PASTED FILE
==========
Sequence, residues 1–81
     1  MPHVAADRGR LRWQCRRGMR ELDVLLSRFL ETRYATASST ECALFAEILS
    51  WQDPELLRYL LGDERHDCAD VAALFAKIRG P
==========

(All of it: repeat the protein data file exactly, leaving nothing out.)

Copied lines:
Sequence, residues 1–81
     1  MPHVAADRGR LRWQCRRGMR ELDVLLSRFL ETRYATASST ECALFAEILS
    51  WQDPELLRYL LGDERHDCAD VAALFAKIRG P